Cartelier’s first objection is the severest. He tells us that Marx’s theory of value is nothing short of ‘the weakest link in the long chain of reasoning that starts from the presupposition of the particular division of labour and culminates in the formal possibility of crisis.’ (ibid 258) He believes this is due to Marx’s failure to derive the concept of money from the exchange relationship because any exchanges that take place must necessarily presuppose the existence of money. Although he charges Marx with ‘trying to escape this issue,’ Cartelier apparently does not, leading him to offer up his own ‘monetary approach… to give more consistency to Marx’s theory.’ (ibid 260–1) One of the difficulties with following Cartelier’s analysis is that he alternatively defines Marx’s derivation of money as one from the ‘exchange relationship’, at other times as derived from the ‘commodity’ (as it first appears in simple commodity society) and finally as that which is derived from the ‘commodity form.’1 These are not, strictly speaking, the same. Granted, his point that all actual exchanges of commodities in the past must have necessarily presupposed some universal equivalent (ie, money) is well-made, so that if Marx were attempting an historical account in Chapter 1, we would have to agree with Cartelier and charge Marx with logical inconsistency. But it is not the case that Marx is laying out an historical account in theoretical terms, or even intends to back up his conceptual claims with empirical evidence. In fact, there are convincing arguments that Marx may not be attempting a deduction of money in any manner whatsoever within the opening pages of Capital. (eg, Fine et. al. 2008: 169; Reichelt 2007: 43) The doubt expressed here surrounding an actual derivation should be seen as an effort to refocus attention to Marx’s text at the very end of Chapter 1, where he charges his predecessors in political economy, particularly Ricardo, with neglecting the form of value and their treatment of it as something external to the nature of the commodity. (Marx 1977: 173–7) More specifically, Marx believes his crucial insight was to be the first to ask (and answer) why it is that labor is expressed in value and why its measure – socially necessary labor time – is expressed in sums of money. Only by showing how value as such is necessarily expressed as exchange value is it possible to consider how value is expressed as a sum of money. In a word, value form implies the money form, so Marx’s theory of value is simultaneously his theory of money. Cartelier’s focus on Marx’s supposed failed ‘derivation’ of money is simply misleading and overshadows an important methodological strategy taken by Marx in opposition to his predecessors in political economy. This advantageously prepares the reader for his later key insights surrounding the extraction of surplus value as the specific way exploitation takes place under capitalism.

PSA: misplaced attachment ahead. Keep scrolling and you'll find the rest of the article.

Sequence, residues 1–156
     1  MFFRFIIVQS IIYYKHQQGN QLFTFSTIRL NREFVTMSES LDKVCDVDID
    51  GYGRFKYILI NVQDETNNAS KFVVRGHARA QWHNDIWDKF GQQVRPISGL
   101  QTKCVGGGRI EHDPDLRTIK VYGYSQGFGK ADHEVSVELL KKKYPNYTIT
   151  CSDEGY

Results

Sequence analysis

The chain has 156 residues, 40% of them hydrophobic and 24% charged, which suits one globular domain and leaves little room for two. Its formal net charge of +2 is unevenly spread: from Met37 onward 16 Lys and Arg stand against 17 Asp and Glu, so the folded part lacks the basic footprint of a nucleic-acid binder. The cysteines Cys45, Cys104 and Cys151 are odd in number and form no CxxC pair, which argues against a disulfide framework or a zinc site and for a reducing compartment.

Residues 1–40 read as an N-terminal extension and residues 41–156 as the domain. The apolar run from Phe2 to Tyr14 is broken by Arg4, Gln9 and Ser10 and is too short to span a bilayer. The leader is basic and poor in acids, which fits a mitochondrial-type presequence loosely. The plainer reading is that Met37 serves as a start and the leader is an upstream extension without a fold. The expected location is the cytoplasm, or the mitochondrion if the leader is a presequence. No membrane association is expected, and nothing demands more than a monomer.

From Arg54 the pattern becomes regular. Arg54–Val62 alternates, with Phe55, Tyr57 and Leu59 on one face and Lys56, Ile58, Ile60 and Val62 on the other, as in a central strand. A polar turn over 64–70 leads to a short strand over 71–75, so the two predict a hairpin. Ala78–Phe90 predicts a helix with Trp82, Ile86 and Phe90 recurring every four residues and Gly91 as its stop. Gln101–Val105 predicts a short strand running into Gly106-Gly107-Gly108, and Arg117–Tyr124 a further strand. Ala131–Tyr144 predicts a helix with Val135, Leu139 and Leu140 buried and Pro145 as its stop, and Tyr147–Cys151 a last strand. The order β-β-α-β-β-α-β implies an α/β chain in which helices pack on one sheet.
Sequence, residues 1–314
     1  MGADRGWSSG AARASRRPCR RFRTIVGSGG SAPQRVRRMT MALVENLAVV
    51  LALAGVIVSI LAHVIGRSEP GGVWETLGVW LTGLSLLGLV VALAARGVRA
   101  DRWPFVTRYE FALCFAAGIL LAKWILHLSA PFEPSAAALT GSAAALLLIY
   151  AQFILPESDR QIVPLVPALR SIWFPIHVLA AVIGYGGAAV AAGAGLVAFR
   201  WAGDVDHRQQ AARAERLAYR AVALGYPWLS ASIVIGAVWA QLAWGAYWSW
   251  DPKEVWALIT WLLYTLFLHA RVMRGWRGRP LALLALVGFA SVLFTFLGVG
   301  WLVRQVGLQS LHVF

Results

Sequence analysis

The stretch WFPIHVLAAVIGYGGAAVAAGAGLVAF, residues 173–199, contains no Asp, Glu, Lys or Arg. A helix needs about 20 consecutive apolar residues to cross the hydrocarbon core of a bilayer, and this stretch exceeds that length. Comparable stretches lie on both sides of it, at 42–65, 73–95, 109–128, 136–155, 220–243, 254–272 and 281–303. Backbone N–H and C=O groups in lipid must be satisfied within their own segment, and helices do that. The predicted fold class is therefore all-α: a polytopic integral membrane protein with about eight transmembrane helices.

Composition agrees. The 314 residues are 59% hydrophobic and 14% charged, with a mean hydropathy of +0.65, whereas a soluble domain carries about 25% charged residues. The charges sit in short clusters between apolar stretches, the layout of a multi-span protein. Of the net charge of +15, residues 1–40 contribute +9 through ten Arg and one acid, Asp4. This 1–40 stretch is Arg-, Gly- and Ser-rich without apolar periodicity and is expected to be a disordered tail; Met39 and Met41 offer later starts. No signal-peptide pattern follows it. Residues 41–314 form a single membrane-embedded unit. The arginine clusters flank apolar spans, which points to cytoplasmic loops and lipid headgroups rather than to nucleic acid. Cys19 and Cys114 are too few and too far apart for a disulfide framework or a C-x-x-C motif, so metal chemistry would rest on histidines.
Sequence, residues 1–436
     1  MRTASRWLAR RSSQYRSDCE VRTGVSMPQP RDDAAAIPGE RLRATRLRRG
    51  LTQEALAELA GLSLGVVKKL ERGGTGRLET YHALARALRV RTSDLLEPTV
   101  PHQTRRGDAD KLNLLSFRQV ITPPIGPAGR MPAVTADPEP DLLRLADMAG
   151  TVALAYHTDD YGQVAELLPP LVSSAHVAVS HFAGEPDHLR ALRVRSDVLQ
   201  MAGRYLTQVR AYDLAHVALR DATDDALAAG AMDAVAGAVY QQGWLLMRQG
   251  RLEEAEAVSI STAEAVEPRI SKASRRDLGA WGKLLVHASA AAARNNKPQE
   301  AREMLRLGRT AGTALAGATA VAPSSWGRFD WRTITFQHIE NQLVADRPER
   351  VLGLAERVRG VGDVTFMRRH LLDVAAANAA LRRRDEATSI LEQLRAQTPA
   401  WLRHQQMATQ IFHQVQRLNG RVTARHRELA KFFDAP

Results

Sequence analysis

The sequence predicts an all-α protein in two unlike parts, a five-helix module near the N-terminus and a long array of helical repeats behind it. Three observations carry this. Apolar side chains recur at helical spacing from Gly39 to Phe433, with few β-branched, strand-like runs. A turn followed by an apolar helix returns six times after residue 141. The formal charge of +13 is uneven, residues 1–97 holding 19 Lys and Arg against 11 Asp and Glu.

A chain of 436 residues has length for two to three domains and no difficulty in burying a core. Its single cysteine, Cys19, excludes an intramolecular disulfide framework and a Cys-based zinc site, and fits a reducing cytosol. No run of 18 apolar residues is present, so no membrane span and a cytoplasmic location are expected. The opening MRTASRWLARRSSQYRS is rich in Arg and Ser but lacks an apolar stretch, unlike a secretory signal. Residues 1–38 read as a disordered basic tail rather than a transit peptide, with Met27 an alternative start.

As we noted above, Cartelier’s contention is that the movement from (2) to (3) or from the expanded form to the general form is illegitimate. In his own simplified schema, he emphasizes Marx’s ‘logical flaw’ in moving from the elementary form (defined as ‘the Relative value form ↔ Equivalent form’) to the universal equivalent and any such link should be conceptually deleted. (Cartelier 1991: 260, cf. Fig. 2) In other words, as he emphatically informs us, the ‘reversal of the expanded form does not generate anything but the expanded from itself!’ (ibid 259) This reflects a critical assumption which underscores his entire paper: what Marx analyzes for simple commodity society cannot be legitimately expanded to capitalist society without serious logical flaws. This will become important to note when considering his objections to labor-power being a commodity, as we shall see below. For now, it suffices to observe that for Cartelier, the universal equivalent must ‘be part of the basic assumptions on the same footing as the commodity division of labour.’ (Ibid 260, original emphasis) What he means is that the movement from (2) to (3) is not a substantial change of value relation, but rather a simple parallax shift of perspective. He picks up on the fact that Marx himself says, in Chapter 2, that to the owner of a commodity, every other commodity appears as the particular equivalent of his own commodity. So a problem arises: as this applies to every owner, ‘there is in fact no commodity acting as universal equivalent, and the commodities possess no general relative form of value under which they can be equated as values and have the magnitude of their values compared. Therefore they definitely do not confront each other as commodities, but as products or use-values only.’ (Marx 1977: 180) For Cartelier, this is a definitive statement, in Marx’s own words, of an inescapable error in logic: in no way can money arise from an inversion of the expanded to the general form (and thus onto the universal-money form).